But hey, we aren't there yet! The journey is just beginning. We were greeted by the car attendant, Robert, and proceeded to our tiny stateroom on the second floor. Tiny is the operative word: a roomette seats two people facing each other, with just a few inches of space between the seats and the corridor wall (which is where you put your hopefully small and crushable tote bags). You can draw curtains across both the corridor windows and the outside windows, and you can “lock” the door when you're inside but not when you leave the cabin. No sink, no running water, but it's your very own home and you love it.

Another roomette traveler told us he never stayed (or never wanted to stay?) on the lower level, or in upper-level roomettes #2 (next to the restroom) or #9 or #10 (by the door to the next car). Maybe one can make special requests. When we bought our ticket online, it immediately told us what car# and roomette# we would have.

Alas, the train had been nearly two hours late getting to Denver, so no breakfast aboard for us (the dining car closes at 9:30 a.m.). But each sleeping car had a bar that was kept well-supplied with water, ice, juice, and coffee, so with the bagels we'd happened to bring along, we had a nice breakfast at the little folding table between our two seats while the train pulled out of Denver, going through parts of town I'd never seen before. What a treat to peer into back yards and secret commercial areas.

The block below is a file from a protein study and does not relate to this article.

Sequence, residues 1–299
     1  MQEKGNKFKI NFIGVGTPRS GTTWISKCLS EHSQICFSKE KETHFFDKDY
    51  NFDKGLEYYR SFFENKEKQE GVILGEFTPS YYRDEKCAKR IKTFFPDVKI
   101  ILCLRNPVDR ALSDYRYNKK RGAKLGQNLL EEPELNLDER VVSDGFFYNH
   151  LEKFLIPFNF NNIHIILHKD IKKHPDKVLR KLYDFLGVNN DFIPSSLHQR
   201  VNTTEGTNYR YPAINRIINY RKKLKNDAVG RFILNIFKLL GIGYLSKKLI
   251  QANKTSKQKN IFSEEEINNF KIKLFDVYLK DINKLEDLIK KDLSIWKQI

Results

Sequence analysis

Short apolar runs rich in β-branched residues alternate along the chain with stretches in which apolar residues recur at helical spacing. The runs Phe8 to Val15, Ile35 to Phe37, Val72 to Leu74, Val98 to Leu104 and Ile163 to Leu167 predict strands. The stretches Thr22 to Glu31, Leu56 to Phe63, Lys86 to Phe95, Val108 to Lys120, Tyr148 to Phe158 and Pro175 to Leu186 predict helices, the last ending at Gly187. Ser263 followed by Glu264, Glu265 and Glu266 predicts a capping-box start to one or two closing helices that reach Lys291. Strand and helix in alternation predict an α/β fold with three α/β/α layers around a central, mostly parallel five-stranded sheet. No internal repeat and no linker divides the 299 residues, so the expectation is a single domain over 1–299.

We investigated the bathrooms (sink and toilet): one on the second floor and three on the first floor, with also a shower-and-changing room on the first floor. Each of these facilities is for single unisex occupancy, and surprisingly (to me) it worked out well. I never encountered a facility that was busy, and only once (in the whole round-trip) did anyone try the locked door of one I was in.

Of course, things might have been different if the train were more fully occupied. In January it definitely was not. Here's how the trains were arranged, both coming and going: two locomotives, a baggage car, a crew car, two coach cars, a vista car, a dining car, and two sleeping cars. In the sleeping cars we were startled to see unoccupied bedrooms (which have full bathrooms), because when we'd bought our tickets at the Amtrak website no bedrooms were listed, so we'd thought they were sold out. Another passenger told us that the bedrooms aren't shown unless you click a particular link.


Our first dining-car meal was lunch that Monday. One enters the car and is seated by the hostess, who had previously announced over the P.A. system that “you may be sitting with people you don't know”. But we had the table to ourselves, and that was the case for all our meals on that train except the last one. The tables are clothed in white with cloth napkins and fresh flowers. I had a crabcake sandwich for that first lunch. Non-alcoholic beverages are included with the meal, and so are desserts (at both lunch and dinner). The staff didn't rush us at all. A good operation! That night we ordered wine and totally enjoyed the glamour of a festive dinner while speeding through the dark.


Robert transformed our seats into an upper and lower berth, each with sheets and pillow and a thin blanket. The roomettes have individual climate control and we were fine during the day, but at night I got cold in the upper berth. My husband turned up the heat but it came out of vents at the bottom-berth level and didn't seem to get up to me. When I mentioned it to another passenger, she said our upper vent was probably closed. Yes!--there's another vent in the ceiling, near the door, and you'll see that it has a handle. But on the return trip I asked for (and got) a second blanket, just in case.